When I was a kid, my anxiety was managed through control. I controlled my room, my performance at school, my hair, and eventually my body. I believed the more structure I had in my life, the less uncertainty I had to face. And it worked for a while, except if I lost my spelling book for example, I would have a full blown melt down. I would become out of control with fear and stress that if I didn’t find my book I would fail my spelling test. Yes, my friends, I was growing up to become a class A perfectionist.
As many of you know, perfection doesn’t exist. But in my dad’s mind, it did. So I tried to be perfect. Again and again I studied and got good marks, but this didn’t improve my self worth. Every validation I sought for was matched with “you could do better” or “your sister did better than you in this subject”.
And part of me believes he had good intentions. He wanted us not to settle for sub par. He wanted us to reach our full potential. And maybe that’s true, or maybe he felt so insecure of not reaching his own potential in life that he had to live vicariously through us.
I’m not sure. I’m not a parent.
All I know is this:
The idea of perfection will hold you back in life because
It makes you hyper critical. It makes you less creative. It makes you constantly compare yourself to others. It makes you desperate for affirmation that “you’re enough”.
When I was a child, I organized everything. My mom says, even my diaper bag was packed by me, I was that meticulous. As I grew up, I shared a room with my sister and the one thing we would always fight about was the order of the room. I wanted it perfect. I don’t think any of them realized this at the time, but the order kept me calm. It still does. Because as a child I was anxious about everything: the dark, heights, strangers, under performing at school, and my dad. I grew up during the time of belt and wooden spoon spankings, but I have to say the belt was worse. The snapping of a belt still triggers me. Now that wasn’t all that worried me about him. What really worried me about him was how volatile he was. Every day was uncertain. It was like walking in a war zone when you don’t know where the bombs are buried. I felt my heart race when he would snap his fingers at us to stop talking. I felt like hiding when he would start yelling. I didn’t know where the abuse would land, but usually it landed on my brother. My beautiful, big brother always protected us from him. And so did my mom. My mom tried her hardest to shield us from his fury. But I know the damage this caused her.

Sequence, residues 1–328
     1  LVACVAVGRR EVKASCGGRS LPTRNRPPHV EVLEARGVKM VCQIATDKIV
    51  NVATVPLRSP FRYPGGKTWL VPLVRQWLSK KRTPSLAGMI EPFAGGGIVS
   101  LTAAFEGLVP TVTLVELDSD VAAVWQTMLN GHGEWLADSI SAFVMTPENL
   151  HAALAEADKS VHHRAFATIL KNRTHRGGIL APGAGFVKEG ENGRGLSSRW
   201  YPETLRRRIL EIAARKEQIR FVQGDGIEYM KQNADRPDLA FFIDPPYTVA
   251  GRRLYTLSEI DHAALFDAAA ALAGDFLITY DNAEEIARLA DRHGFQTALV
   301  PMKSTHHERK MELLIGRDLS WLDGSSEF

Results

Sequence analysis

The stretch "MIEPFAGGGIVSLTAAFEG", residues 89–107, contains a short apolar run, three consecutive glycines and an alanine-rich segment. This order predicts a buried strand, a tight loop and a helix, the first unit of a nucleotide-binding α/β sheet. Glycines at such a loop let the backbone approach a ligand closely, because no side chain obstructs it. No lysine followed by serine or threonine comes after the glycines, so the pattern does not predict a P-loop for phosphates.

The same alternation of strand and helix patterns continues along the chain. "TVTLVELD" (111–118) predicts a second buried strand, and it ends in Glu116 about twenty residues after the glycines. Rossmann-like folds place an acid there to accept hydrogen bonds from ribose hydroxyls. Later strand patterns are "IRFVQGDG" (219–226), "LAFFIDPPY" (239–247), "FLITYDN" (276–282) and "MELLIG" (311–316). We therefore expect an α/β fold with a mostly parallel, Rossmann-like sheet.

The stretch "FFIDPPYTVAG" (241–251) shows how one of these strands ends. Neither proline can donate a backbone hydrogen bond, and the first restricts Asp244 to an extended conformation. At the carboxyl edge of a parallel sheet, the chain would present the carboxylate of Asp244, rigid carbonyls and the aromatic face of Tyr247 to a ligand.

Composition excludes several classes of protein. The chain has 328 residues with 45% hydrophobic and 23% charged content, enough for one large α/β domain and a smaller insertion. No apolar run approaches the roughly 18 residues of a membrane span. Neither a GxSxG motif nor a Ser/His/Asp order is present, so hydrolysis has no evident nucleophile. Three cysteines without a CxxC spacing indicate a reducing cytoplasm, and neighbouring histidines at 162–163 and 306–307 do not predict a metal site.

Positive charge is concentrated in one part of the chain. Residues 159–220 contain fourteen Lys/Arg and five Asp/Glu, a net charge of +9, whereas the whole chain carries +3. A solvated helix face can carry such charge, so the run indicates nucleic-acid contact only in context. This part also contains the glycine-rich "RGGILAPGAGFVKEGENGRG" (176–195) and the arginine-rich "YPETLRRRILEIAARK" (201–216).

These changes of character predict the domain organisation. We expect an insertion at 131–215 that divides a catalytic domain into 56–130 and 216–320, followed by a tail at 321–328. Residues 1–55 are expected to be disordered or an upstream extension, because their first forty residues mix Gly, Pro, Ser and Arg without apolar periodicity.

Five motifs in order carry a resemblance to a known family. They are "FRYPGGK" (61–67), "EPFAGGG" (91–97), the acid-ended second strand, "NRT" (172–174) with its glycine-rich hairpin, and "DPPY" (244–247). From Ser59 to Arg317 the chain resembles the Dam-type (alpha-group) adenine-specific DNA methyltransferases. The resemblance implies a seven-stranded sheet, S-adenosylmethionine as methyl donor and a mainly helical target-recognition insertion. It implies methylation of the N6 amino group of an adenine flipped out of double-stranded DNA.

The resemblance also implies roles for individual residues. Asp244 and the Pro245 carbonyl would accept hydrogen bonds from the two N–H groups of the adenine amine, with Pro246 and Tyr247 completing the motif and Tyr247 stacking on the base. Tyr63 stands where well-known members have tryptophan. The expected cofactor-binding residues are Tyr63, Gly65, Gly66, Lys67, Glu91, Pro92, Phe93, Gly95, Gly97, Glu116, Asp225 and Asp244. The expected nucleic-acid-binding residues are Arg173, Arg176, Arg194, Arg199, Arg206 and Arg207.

You wonder where anxiety comes from, sometimes it comes from within your own home.
Please seek help for your childhood trauma. You are always worthy of help.
This episode has me feeling all the feels. Grown men, fathers, talking about their vulnerabilities always gets me teary. He told Joe, “Don’t let your trauma time travel.”
And don’t I know I do that. I not only let it time travel. I let it brood and take pieces of me. I drag it around with me like an anchor, yet never let it down when I get to shore. There is no shore. I just sail in circles brooding and shaking with anger.
But here is this grown man who has experienced a thousand more times the trauma than I have telling Joe to let it go.